Last edited by Pittsextra; 4th Sep 2015 at 21:05.
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Old 4th Sep 2015, 20:55
  #636 (permalink)  
 
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Always conjecture as to where 'the' manoeuvre starts, but it is perfectly acceptable to complete a flypast at 100ft and ease up into the next manoeuvre even if it is a loop. It therefore does not follow that the loop was started from 100ft.

That said, the 'easing up' into the manoeuvre clearly has to be allowed for and not flown at maximum performance. The slight loss of energy in this 'easing up' also has to be catered for. Are we really expecting a displaying aircraft to climb up from a perfectly safe 100ft flypast to achieve 500ft, level off, then commence a loop?

Similar when you have to take off from a runway within the 230 line - you ease into the display complying with the AoB v height limitations; you're therefore not guilty of breaking the 230 line limitation.
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Old 4th Sep 2015, 21:16
  #637 (permalink)  
 
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I called it a 1/4 clover, what do you call it?
I call it a maneuver with a vertical pitching component and roll to the left. I have no idea what the pilot meant it to be and will not speculate. As for the aircraft entering "on the A axis and exiting on the B axis", I see no evidence of an exit on a B axis. And wishing to avoid another pointless long back and forth, I will terminate this exchange here.
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Old 4th Sep 2015, 21:21
  #638 (permalink)  
 
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Ken you are a crazy guy. There is a graphic in the AAIB report that shows the axis change - as of course it will if you add some aileron. I call it A and B axis for brevity but the start axis is almost 90deg off the point of accident.

You know I don't mind or care if you want to engage or not but it's a bit rich calling things wild speculation when a lot of items are very plain.
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Old 4th Sep 2015, 21:59
  #639 (permalink)  
 
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Pitts you might want to check you axes... The manoeuvre was started at a slight tangent to the B axis (heading towards the crowdline.)
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Old 4th Sep 2015, 22:14
  #640 (permalink)  
 
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The AAIB’s Special Bulletin appears not to say a great deal, but when one reads between the lines I think it also tells us a great deal.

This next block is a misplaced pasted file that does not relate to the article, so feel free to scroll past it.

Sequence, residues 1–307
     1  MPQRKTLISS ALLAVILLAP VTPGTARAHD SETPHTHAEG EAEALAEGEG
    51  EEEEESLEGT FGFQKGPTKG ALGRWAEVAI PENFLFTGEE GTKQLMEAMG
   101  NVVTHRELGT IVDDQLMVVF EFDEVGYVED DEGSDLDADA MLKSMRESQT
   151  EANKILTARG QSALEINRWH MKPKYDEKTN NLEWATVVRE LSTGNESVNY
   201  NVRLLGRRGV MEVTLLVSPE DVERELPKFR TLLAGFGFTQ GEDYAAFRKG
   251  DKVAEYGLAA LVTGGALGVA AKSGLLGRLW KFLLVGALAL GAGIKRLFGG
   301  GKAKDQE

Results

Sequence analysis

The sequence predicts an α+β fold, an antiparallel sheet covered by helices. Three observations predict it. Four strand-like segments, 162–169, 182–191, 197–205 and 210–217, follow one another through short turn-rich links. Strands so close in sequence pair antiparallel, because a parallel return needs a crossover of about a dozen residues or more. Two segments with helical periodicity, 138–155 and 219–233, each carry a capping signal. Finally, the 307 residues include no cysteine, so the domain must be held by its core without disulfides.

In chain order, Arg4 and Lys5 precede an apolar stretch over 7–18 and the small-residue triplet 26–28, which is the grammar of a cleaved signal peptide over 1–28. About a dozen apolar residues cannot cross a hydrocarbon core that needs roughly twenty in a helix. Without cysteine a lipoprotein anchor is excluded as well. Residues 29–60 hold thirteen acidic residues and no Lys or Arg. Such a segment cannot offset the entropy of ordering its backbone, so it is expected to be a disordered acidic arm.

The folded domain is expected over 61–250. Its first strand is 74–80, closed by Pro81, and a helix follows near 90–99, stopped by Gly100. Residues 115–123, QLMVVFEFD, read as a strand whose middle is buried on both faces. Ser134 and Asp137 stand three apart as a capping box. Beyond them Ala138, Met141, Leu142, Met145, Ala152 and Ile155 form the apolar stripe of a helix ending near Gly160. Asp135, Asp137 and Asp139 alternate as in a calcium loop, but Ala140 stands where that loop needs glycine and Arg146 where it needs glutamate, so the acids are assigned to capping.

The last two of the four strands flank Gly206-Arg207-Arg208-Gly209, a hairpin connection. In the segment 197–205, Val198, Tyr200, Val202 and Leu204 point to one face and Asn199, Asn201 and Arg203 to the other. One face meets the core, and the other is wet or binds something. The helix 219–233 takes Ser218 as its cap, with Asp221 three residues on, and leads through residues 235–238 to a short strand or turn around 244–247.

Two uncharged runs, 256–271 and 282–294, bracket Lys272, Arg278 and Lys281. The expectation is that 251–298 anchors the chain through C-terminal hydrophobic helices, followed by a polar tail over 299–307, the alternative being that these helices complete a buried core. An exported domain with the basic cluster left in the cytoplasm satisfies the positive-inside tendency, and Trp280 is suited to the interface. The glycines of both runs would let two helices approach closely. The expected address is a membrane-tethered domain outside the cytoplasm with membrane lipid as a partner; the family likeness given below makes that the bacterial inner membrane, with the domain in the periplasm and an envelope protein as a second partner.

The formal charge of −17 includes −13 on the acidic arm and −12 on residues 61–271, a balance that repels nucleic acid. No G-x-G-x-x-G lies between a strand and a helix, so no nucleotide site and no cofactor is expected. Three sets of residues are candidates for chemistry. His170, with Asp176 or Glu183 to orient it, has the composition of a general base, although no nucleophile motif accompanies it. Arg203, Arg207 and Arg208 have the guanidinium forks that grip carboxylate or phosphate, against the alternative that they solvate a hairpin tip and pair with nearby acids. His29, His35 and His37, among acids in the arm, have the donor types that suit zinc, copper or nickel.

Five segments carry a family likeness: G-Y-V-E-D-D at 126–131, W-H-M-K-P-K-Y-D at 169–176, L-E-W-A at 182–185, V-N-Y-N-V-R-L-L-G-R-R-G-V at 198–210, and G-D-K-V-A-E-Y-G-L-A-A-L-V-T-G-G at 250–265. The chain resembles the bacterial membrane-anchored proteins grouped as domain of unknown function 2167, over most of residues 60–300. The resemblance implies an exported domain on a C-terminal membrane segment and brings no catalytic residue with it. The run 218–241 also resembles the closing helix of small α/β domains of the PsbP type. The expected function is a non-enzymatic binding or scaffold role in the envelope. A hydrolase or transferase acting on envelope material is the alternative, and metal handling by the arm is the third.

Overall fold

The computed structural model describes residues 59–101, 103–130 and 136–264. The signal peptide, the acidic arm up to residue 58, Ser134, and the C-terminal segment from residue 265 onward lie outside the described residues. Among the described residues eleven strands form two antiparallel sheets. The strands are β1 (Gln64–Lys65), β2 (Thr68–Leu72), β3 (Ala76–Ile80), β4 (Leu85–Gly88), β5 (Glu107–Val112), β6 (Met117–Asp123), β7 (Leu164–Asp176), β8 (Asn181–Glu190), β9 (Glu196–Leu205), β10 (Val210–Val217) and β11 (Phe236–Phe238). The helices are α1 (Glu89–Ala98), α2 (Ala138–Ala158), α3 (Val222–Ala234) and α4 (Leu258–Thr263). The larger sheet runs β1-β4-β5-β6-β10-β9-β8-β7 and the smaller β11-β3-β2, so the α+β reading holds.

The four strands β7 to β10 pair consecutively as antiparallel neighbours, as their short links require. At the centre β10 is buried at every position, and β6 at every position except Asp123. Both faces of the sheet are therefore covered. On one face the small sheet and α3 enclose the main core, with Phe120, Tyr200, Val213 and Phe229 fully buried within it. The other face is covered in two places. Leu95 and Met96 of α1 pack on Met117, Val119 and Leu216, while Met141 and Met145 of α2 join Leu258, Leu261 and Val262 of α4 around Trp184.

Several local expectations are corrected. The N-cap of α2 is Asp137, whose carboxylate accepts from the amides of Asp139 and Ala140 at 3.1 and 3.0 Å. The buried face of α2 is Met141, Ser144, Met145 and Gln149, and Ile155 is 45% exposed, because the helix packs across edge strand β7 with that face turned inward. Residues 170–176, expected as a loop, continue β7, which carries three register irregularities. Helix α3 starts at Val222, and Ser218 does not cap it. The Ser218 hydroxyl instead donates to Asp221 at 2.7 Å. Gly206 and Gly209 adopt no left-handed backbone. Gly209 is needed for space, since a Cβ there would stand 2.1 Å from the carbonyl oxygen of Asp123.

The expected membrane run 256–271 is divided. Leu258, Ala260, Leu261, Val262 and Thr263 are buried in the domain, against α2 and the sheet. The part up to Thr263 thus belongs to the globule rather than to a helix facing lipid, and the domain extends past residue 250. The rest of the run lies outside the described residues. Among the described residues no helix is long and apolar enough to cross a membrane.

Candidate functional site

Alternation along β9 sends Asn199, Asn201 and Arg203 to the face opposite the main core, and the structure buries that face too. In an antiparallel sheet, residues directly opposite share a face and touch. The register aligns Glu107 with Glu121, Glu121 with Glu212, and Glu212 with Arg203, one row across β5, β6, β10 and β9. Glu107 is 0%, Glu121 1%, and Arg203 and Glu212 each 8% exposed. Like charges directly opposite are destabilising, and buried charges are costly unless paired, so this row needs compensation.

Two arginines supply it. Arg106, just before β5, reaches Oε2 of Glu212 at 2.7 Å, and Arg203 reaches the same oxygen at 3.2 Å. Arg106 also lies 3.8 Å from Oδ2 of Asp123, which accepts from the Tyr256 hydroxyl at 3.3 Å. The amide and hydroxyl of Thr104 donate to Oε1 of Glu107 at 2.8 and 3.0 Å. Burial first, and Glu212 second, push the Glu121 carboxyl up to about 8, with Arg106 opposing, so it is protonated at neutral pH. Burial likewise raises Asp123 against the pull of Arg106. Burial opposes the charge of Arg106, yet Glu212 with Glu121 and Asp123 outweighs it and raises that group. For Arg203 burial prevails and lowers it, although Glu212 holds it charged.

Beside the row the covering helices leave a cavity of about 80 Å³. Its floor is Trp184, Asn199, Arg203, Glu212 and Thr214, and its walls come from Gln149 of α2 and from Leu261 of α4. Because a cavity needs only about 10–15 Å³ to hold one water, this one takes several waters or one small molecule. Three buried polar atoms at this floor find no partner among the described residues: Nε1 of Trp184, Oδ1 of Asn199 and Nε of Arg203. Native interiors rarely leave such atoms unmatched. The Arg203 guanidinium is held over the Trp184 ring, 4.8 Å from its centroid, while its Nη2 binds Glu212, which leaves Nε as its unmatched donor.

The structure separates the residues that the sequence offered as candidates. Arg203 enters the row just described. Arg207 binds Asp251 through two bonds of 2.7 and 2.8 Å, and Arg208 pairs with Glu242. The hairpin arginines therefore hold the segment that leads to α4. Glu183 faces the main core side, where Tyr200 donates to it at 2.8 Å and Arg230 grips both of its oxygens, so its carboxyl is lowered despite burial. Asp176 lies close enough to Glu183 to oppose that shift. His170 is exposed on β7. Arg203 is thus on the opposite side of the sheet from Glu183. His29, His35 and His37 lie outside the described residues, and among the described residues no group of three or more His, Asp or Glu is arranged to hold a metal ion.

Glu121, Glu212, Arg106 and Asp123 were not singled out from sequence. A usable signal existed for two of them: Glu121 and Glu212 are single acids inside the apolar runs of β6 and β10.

• The pilot had only 40 hours on type. Perhaps others could comment on how many hours a military pilot would be likely to have on type before being allowed too conduct a display like this in front of and next to the public.
  • The pilot (an airline pilot) flew to North Weald in a light aircraft – I believe the RAF has major concerns over cognitive errors associated with pilots flying such different types of aircraft.
  • The report refers to the time on type in the last 28 and 90 days and that displays had been flown in other types. It also confirms that the pilot had the met the requirement to have flown the display sequence at least 3 times and once in the last 90 days.
  • The AAIB don’t seem to have been able to compare the actual flight path on the day against either a planned/documented or authorised display.
  • The report makes the point (twice) that the aircraft was fuelled with a full fuel load. I don’t know whether it makes a difference for this type of manoeuvre in the Hunter. Perhaps an experienced Hunter pilot can comment. The report also comments on the extended take off roll.
  • The report has commented on the seeming absence of abnormal indications and that the aircraft seemed to be responding correctly to control inputs.
  • Others have comments on the apparently low max height achieved and low minimum airspeed at the top of the manoeuvre.

As I have said before, I suspect that the AAIB will find many similarities between this accident and the recent Gnat accident at CarFest – aspects such as pilot selection, experience (including type), training, supervision, management, currency, etc, etc. This interim report just confirms my fears. We haven't even really started to discuss the 'system' (or lack of) which allowed this display to take place where it did.

I think we all know which way this is going, but dare not say so for fear of offending the vocal minority - pilots defending pilots. Not unlike the closed shop that the GMC is often criticised about.

The scale of this tragedy was very easily avoidable.

S-D

Last edited by salad-dodger; 4th Sep 2015 at 23:12.